As albums for cover-to-cover listening, most movie soundtracks can be quite tedious, even if the music is good, and even if the movie holds a favorable grade. It’s just the fragmented nature of the contributors and styles, and the need for the soundtrack to provide the mood for the flick first and foremost before any listening enjoyment autonomous from the theatrical production becomes a concern. Even some of the most legendary soundtracks have fast forward moments, or don’t make sense unless the movie itself looms large in your personal ethos.
But some soundtracks are so good, you can enjoy them without having even seen the movie. Like a good album, a narrative plays out in your mind as you’re listening, not unlike a motion picture. This soundtrack for the little independent film called Texas Cotton falls into that category. And like any quality soundtrack, it also gives a good introduction to a bevy of important artists that can then make your listening experience sprout tentacles as you seek out further works from the respective contributors.
Matt Hillyer of Eleven Hundred Springs, Colter Wall, Carson McHone, Mike and the Moonpies, Charley Crockett, Summer Dean, and Tony Kamel are all names of cool artists from Texas and beyond that the Texas Cotton soundtrack gives you a quality introduction to, and not via tracks that fit a movie scene and not much more, but songs you could easily slide right onto one of the respective albums from these artists and still hold their piss.
Directed by Austin filmmaker Tyler Russell, written by Jameel Khaja, and starring George Hardy (Troll 2) and Juliette Danielle (The Room), Texas Cotton is about an aging lawman who is convinced a mysterious stranger arrested in his small cotton town is innocent. His investigation stirs up a hornet’s nest that changes the town forever. The 88-minute film has received a limited release to select theaters in Texas and beyond, and can also be rented via Amazon Prime. But whether you seek the movie out, make sure to give the soundtrack a spin.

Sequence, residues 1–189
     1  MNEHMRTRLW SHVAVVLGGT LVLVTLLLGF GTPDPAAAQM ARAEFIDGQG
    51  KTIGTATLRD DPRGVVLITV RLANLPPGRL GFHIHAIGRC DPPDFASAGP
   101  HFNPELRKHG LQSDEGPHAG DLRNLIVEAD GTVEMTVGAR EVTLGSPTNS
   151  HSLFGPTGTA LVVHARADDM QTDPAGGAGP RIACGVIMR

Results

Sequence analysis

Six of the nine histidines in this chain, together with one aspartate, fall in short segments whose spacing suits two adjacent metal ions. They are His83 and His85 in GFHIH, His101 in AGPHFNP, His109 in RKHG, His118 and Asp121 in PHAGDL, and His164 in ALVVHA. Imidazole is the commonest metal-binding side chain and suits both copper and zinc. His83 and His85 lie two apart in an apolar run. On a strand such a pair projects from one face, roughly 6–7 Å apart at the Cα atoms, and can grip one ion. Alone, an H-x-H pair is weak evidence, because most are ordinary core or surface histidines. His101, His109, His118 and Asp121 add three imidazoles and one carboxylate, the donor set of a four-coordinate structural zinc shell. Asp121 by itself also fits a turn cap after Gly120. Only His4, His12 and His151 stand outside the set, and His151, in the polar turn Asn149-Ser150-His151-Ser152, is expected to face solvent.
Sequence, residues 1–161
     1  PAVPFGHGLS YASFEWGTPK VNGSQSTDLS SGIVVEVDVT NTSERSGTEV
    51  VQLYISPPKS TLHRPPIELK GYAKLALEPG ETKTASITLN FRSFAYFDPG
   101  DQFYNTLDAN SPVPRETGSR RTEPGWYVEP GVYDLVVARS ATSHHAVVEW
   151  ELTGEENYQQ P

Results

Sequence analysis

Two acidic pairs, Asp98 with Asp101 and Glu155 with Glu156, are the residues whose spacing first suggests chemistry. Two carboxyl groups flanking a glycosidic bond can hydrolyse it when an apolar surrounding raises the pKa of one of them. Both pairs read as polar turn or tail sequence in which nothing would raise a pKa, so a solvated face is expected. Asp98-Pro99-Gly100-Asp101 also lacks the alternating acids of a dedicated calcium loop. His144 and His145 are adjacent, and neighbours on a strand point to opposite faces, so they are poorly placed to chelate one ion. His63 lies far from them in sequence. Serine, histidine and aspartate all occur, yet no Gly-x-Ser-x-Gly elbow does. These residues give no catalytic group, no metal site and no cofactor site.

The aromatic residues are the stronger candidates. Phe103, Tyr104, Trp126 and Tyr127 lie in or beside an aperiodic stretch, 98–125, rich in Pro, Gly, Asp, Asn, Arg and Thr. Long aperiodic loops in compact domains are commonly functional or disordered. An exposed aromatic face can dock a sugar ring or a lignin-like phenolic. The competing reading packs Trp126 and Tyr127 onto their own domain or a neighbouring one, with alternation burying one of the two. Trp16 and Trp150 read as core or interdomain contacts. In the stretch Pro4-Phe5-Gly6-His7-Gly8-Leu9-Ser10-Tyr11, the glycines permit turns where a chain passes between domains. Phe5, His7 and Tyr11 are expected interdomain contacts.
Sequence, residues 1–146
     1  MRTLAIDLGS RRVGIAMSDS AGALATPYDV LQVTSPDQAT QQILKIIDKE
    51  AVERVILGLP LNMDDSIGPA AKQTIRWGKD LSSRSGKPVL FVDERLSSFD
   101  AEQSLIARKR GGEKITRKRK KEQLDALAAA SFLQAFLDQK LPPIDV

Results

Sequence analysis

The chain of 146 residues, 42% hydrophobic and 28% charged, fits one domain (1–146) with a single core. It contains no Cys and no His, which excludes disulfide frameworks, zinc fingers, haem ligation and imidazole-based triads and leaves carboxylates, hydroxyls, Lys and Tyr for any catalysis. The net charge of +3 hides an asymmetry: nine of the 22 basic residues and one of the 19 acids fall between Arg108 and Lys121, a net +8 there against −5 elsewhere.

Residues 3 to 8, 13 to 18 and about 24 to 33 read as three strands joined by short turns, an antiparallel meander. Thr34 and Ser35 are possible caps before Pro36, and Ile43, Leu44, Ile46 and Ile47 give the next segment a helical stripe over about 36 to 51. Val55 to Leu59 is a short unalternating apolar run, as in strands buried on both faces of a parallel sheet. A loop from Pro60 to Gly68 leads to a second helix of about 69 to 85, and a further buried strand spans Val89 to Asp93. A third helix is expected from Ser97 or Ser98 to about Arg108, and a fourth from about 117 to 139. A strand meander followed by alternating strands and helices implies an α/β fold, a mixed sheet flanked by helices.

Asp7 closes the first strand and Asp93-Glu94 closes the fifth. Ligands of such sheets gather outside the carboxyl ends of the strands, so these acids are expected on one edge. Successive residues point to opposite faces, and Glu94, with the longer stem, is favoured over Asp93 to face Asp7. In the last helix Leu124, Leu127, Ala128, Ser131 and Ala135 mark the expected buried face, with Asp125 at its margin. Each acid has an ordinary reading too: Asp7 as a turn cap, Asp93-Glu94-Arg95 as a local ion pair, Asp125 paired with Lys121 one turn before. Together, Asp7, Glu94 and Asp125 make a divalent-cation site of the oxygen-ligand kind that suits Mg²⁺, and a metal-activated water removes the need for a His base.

Yes, cotton is the constant that binds these ten tracks together, and as you listen to some of the most compelling independent and under-appreciated voices in country and roots music, they take you on a story arc that submerges you straight into the agrarian landscape of the Texas plains, with all the trials, joys, and tribulations playing out in songs that were meant to be heard together.
Some of the songs are sparse solo efforts, like Colter Wall’s “Raisin’ Cotton,” which holds up to the high standards he’s set for his music, or Mike Harmeier’s (Mike and the Moonpies) sorrowful “Thunder and Lightning,” to more full-bodied songs, like Carson McHone’s steel guitar-soaked “Gone Forever, Again,” or the Los Texmaniacs making sure the Hispanic heritage of Texas is represented with “Y Tequiero Ver.” Charley Crockett’s voice was made for a cotton song, and he proves it with “Just Like Snow.”
Movies and music used to be more distinctly married when soundtracks would launch massive hits that would go on to define generations. Songs and artists would become synonymous with the movies they were included in. These days many of our generation’s greatest musical voices have been relegated to the underground. But as we’ve seen with recent movies productions—from massive films like A Star Is Born to small films like Texas Cotton—movies can still play a critical roll as introduction points to quality music.